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1991 Great Archanean Trek [FINAL RESULTS]



Complete the incompletable

The legendary Icelandic automaker Aura is back strong at this years 1991 Great Archanean Trek, and are indeed going all out. Entering 4 cars into the race is not an easy feat, but Aura seems to have pulled off the impossible. Will they be competitive? Time, and decent driving, will only tell…

Car 1: AR4 - GAT Spec

Buggy class

Based on Aura’s latest top of the line sportscar, the AR4 GAT Spec is potentially a strong contender in the buggy class. The performance oriented ATR6 2.5L v6 found in the street version is nowhere to be seen however, and instead an ATR4 2L Endurance tuned I4 can be found in the engine bay. While the beloved ATR6 is amazing for the street and track, the ATR4 is better suited for the GAT, being high in torque, very reliable, and having great fuel economy.

Primary: Olaf Nordhagen (ISL)

A 47 year old man from Iceland, Olaf Is one of the more experienced drivers on the team, and experience is worth it’s weight in gold when it comes to the GAT.

Co-Pilot: Handel Manderholf (DEU)

An up and coming touring car racer, Handel (21) is also testing the scalding hot waters of the GAT. Will he have what it takes?

Car 2: BBT4 - GAT SPEC

Buggy class

The BBT4 has been a huge success for Aura, selling hundreds of thousands in the past years. This is the GAT spec however, and with that comes big changes. It comes with the endurance tuned B4t 1.0l, which while small in size isn’t short on competitivness. The exact specs remain classified, but we can assure you that it’s… different

Primary: Tyrrell Jorgsen (ISL)

25 year old Tyrrell has proved to be a talented driver, making his way through multiple rally championships and grabbing some titles. He’s new to endurance though, so this will be a new experience for him. Hopefully the testing gave him enough practice to suffice.

Co-Pilot: Ingrid Olsen (GRL)

19 year old Ingrid is new to the sport, but what she’s shown so far is very promising, and she made the cut to the final team. We wish her luck!

Car 3: Bobby - GAT spec

Offroad class

The Bobby is a new addition to the Aura family, but certainly a welcome one. This cute little micro-offroader isn’t micro in power. 141 glorious little horsepowers come from an ATR3 2.0L Inline 3 GAT tune, and this thing weighing a mere 895kg it sure does go!

Primary: Tia (крестная мать) Byrchkyov (RUS)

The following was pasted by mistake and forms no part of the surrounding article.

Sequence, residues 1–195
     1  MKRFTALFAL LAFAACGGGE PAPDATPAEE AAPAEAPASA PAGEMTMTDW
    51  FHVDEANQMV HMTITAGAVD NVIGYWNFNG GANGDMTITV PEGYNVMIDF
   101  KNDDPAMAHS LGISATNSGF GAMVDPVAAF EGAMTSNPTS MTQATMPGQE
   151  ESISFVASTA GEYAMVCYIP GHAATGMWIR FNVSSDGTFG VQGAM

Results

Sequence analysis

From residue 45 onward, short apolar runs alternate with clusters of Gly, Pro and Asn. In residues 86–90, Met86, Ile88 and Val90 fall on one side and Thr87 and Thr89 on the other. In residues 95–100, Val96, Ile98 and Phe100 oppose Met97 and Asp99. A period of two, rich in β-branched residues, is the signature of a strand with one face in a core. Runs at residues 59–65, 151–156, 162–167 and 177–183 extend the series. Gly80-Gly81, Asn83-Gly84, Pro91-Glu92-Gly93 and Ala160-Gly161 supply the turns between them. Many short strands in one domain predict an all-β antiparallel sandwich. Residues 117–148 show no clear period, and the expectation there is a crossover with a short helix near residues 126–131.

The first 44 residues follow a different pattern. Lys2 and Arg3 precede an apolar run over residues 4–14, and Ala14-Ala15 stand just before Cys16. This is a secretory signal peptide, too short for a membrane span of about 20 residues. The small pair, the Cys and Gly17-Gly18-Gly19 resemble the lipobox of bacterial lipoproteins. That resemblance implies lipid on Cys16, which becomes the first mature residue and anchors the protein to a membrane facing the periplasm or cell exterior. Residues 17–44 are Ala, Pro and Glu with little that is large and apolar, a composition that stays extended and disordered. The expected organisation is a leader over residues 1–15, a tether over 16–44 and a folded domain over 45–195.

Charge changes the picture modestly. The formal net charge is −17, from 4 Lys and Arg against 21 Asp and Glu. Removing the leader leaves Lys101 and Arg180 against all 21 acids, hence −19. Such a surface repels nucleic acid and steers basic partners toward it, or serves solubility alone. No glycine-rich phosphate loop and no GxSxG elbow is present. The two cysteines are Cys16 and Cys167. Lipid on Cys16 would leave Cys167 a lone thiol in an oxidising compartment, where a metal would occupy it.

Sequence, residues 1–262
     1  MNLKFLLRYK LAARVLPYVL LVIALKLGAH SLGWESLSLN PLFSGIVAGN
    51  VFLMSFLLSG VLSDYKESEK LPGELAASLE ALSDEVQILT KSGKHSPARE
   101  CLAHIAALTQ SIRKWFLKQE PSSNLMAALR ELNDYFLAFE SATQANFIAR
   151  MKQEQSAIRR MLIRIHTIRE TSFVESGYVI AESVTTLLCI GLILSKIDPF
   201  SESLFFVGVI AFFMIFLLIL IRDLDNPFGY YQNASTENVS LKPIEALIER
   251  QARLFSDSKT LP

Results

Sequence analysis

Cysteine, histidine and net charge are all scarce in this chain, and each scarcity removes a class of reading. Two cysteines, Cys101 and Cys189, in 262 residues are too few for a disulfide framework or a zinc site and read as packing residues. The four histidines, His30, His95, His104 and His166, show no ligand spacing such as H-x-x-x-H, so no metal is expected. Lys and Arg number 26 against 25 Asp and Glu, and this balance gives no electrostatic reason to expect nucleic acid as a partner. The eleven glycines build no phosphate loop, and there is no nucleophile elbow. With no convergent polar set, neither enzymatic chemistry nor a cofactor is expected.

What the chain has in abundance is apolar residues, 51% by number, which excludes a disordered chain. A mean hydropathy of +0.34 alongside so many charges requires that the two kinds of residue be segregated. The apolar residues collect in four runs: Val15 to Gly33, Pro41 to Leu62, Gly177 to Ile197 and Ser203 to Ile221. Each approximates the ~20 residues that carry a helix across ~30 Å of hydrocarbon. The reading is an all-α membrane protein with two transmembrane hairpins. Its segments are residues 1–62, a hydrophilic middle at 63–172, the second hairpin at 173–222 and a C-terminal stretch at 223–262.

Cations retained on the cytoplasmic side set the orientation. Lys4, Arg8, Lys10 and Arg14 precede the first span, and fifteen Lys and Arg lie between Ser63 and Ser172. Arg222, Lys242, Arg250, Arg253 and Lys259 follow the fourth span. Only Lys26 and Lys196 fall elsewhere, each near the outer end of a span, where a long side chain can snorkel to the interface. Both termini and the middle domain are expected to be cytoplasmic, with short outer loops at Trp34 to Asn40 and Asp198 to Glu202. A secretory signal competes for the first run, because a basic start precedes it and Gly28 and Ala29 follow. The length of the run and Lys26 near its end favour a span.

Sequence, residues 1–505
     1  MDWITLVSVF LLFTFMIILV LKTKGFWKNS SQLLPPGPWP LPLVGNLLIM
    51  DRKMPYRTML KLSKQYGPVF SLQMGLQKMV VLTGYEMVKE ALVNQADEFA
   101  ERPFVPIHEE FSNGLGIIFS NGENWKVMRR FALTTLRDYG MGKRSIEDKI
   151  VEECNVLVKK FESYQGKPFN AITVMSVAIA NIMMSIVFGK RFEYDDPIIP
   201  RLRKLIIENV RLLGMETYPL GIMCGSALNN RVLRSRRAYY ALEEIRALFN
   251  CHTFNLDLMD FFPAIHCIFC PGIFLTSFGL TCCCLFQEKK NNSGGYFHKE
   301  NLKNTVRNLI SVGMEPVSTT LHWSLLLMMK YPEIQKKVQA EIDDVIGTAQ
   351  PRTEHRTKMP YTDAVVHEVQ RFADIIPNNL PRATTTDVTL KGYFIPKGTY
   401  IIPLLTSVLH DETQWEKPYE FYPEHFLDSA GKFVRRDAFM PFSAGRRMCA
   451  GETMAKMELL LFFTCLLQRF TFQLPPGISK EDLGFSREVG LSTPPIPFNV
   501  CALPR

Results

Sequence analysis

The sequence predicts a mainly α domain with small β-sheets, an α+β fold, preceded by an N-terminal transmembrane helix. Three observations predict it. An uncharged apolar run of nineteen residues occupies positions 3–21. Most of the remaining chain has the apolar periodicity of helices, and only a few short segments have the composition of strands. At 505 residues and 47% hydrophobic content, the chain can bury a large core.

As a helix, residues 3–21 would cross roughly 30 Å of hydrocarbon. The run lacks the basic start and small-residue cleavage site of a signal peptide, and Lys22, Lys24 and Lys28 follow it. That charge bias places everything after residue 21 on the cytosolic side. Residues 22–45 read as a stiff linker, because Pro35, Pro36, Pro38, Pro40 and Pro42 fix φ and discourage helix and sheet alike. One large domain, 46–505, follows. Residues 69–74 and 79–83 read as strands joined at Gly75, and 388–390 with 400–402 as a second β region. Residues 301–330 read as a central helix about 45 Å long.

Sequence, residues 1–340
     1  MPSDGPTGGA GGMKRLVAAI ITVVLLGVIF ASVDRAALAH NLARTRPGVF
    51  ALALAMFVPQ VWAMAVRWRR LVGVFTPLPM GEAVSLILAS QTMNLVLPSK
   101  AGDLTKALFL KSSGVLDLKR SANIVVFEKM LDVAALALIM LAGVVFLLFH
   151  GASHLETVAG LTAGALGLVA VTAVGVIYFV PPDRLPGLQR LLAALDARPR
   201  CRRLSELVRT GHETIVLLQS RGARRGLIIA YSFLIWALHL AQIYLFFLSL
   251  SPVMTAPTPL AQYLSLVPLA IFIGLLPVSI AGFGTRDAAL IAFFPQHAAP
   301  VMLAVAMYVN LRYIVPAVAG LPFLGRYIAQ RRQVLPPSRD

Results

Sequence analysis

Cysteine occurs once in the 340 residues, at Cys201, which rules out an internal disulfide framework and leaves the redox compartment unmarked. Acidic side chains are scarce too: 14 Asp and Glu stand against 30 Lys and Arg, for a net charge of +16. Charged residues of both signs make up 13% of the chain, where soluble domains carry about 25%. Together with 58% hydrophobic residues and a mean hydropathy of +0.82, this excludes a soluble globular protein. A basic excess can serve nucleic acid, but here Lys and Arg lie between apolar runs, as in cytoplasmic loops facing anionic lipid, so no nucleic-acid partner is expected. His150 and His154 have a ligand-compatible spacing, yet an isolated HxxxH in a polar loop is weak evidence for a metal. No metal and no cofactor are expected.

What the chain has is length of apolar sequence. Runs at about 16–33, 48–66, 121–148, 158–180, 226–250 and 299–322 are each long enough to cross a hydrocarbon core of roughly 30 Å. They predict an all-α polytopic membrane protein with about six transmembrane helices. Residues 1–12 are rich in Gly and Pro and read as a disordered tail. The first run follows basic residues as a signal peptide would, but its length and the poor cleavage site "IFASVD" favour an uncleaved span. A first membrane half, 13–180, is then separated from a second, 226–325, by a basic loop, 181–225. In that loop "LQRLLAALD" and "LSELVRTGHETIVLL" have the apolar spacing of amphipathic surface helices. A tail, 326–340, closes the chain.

The godmother of offroad, Tia (~70 however her exact age is unknown) is both brutal in person and brutal in her driving. Even if the race isn’t going well, Tia is sure to make the opposition an offer they can’t refuse

Co-Pilot: Lianna Varskovich (RUS)

34 year old Lianna is a retired dirtbike champion, and now she wants to try the GAT. She’s not exactly… confident about sharing the cabin with her primary pilot, but she’s not willing to let that stop her.

Car 4: Brawler GAT

Truck class

The beastly Brawler is coming to the '91 GAT, and it’s ready to rip the vital organs from the ribcages of it’s opposition. The engine is entirely classified, (we can only assume it has a variation of the trusty flat 6 found in the road going version) but there has been reports of Aura engineers with broken necks… we’ll let you interpret that as you will.

Primary: Gustav Johanassen (SWE)

47 year old Gustav was one of the only to have a thick enough neck to drive this beast, and hopefully he has a bit of skill as well.

Co-Pilot: Aaren Muller (DEU)

Runnner up for the next thickest neck was 38 year old Aaren, and this is his first time even riding in a car. He is an garbage truck emptier, but it’s alway been his dream to ride along in a GAT. We hope that he can read the directions well, other wise there wont be much hope for the pair of them.

I haven’t tested any of these designs in Beam as of yet, but hopefully they are controlable…


I wonder what is crazier - the cars or the pilots. :smiley:

This will be real fun no matter how the CMT team scores.


…And because my other entries have a slight chance of doing not terribly, my final entry into the “Buggy” category will be a mid-engined turbocharged v8 powered ‘Hypermiler’ modified for off-road use!

The Boccaccino HYPR